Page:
Summer is come

This will probably be the last post of May: our two English grandchildren are coming to stay tomorrow – the first time we’ll have seen them for seven months.

This handsome great spotted woodpecker has become addicted to the fancy fatballs I’ve been putting in the bird feeder; he gets through one or two a day, costing me a fortune. The long-tailed tits like them, too. They come in little busy gangs.

Here then is a range of pictures taken yesterday, when here in Cornwall was the only part of the country covered in thick cloud. Elsewhere summer had finally arrived, after a miserably wet, cold month. It’s a week when our feckless PM’s sinister former adviser spilled the beans about the chaos and ineptitude our government has shown most of the time in dealing with the pandemic in the UK. Among his criticisms was the transparently false claim by the health minister that he’d put a ‘ring of steel’ round care homes, when infected elderly patients were being discharged without Covid tests into those same homes.

Let’s lighten the tone. First, the birds have been a constant source of delight during this unseasonably chilly late spring. I’ve still not seen any swallows, swifts or martins around my city, but I’ve posted recently about seeing some a little further afield.

Weeping tree umbrellaYesterday’s walk in the local park took me underneath this wonderful tree’s canopy. It’s a weeping something or other – beech?

Standing there felt like being in a green tent. Just a pity that the sky was grey, not blue.

These vivid yellow flowers grow in the hedge just down the road from our house. According to my plant identifier app they’re autumn hawkbit. I’m not sure about this: should they be flowering in late May, with a name like that?Autumn hawkbit

LilyAt the end of our road are some lovely gardens – I’ve posted pictures recently of some of the gorgeous spring blooms in them. These lovely lilies (I think they’re lilies of some kind) started flowering just over a week ago. What a colour!

 

A few houses away from us is this garden wall. I rather like this strange plant growing implausibly out of the mortar. I presume it’s some kind of lichen.

This morning the sun finally shone – though there are still some clouds around.

 These beautiful roses are growing in a pot outside our front door. The buds are pink and white, but the blooms are pure white when in full flower. So that’s it for this May. I’ve just finished reading Jakob Wasserman’s strange, gothic novel Caspar Hauser. When I’ve figured out if I was bored or enthralled by it I’ll post here – once the grandchildren have gone home next week.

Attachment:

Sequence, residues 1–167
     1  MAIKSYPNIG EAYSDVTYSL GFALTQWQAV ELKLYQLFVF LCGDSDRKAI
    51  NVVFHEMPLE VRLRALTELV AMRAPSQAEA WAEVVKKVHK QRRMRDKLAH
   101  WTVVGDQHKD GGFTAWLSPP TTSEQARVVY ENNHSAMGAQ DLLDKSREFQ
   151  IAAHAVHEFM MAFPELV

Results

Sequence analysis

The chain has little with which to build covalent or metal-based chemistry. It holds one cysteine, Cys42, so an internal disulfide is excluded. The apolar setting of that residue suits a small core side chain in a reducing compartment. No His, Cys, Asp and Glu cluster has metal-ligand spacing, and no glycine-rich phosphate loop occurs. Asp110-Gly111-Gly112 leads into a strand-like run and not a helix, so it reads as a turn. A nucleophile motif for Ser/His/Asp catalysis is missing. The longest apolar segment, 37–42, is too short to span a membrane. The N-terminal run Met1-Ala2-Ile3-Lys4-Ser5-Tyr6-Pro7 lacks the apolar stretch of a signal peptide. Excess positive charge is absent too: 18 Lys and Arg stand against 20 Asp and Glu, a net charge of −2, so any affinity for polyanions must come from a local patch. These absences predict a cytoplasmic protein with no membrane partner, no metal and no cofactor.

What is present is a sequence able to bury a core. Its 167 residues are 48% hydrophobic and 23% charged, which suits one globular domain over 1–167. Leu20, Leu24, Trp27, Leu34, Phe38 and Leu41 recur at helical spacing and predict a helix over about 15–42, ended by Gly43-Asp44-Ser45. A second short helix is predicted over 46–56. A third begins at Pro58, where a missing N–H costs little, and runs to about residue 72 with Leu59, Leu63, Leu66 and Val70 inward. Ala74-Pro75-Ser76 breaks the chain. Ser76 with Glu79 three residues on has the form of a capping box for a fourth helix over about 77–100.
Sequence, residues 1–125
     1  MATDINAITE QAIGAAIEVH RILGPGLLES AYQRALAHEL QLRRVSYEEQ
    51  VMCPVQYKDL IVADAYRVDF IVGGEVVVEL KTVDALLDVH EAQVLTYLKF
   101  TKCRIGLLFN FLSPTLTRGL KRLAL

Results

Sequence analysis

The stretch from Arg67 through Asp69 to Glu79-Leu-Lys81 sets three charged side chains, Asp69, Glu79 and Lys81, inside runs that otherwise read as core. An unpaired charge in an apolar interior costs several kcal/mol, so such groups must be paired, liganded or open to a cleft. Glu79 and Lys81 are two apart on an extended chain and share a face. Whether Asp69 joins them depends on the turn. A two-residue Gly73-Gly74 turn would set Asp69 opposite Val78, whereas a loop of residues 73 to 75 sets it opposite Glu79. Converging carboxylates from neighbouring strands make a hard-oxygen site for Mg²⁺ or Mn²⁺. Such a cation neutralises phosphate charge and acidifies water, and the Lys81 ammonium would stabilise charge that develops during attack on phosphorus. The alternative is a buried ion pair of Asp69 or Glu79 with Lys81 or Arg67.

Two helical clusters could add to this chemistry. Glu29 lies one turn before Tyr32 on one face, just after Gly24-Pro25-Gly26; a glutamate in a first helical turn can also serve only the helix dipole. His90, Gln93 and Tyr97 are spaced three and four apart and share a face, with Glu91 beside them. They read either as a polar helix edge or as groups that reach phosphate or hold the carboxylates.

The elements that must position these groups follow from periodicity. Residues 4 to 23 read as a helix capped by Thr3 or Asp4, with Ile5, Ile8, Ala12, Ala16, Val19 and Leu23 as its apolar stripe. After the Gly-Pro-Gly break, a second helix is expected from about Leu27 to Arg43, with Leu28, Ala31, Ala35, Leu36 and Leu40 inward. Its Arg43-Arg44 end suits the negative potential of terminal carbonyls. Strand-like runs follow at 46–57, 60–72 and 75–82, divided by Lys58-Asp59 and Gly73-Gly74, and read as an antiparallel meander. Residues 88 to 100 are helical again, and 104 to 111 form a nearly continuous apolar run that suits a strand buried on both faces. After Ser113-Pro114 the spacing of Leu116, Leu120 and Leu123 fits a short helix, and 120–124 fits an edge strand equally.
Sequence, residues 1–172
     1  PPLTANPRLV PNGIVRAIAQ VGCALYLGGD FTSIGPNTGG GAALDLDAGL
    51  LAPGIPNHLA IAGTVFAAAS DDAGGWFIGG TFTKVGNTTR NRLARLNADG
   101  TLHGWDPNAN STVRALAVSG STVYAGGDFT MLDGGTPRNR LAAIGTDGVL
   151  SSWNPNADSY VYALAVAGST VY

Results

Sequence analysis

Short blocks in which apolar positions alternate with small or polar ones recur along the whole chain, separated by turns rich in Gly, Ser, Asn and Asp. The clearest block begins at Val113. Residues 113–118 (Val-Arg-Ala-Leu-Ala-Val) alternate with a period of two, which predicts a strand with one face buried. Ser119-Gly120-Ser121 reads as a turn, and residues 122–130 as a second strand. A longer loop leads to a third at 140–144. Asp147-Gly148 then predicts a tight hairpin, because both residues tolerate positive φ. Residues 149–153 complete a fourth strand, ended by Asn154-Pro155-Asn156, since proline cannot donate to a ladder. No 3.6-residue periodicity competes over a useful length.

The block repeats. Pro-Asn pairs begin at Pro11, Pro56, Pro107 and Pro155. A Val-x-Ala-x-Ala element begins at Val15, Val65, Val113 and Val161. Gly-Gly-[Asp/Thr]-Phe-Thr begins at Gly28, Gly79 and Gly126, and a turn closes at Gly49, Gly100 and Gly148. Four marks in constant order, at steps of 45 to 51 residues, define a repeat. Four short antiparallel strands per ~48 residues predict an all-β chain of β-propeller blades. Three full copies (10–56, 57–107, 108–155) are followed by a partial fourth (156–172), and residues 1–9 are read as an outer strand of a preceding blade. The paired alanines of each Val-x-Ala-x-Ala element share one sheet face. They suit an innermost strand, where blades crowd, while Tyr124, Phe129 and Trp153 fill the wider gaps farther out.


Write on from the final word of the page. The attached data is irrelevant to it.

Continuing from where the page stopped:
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10 thoughts on “Summer is come

  1. How lovely to see your grandchildren! I’m plotting a get-together with my best friend soon – just had our second vaccinations this week! Lovely photos – it’s peak rhodedendron in our local parks, which I’m enjoying very much.

  2. I ALWAYS enjoy your descriptions of nature and what you observe on your walks, Simon! And I appreciated your take on what’s happening with the conservative government in the UK. Having experienced similar chaos with the former administration and current Senate in the US, I can understand the frustration. It seems to be a worldwide phenomenon.

    • Thanks for stopping by and commenting, Donald. At least you’ve voted out your disastrous president – we’re stuck with our PM for another couple of years. I’m glad you enjoy these nature posts. I find the birds and plants a great solace when life is in turmoil.

  3. That rose is certainly a show-stopper; I’m very envious, both of that and the bird feeder. I think I’ve actually seen a great spotted woodpecker on one of my rare birding forays to Europe. He certainly seems to be enjoying those expensive little treats.
    Caspar Hauser sounds quite intriguing. I think I’ve heard of it — feral children maybe?
    I understand your frustration with your PM. At least our equivalent in sulking (and plotting unfortunately) down in the swap;still, it’s much better than those constant tweets. Thank heavens twitter cut him off.
    Have fun with the grandkids! I look forward to your re-emergence!

    • The woodpecker ate another fatball today, aided by various little helpers. Good day with the kids in the sun by the sea today. Read some Cheever stories. Yes, Caspar H was sort of an early example of feral child.

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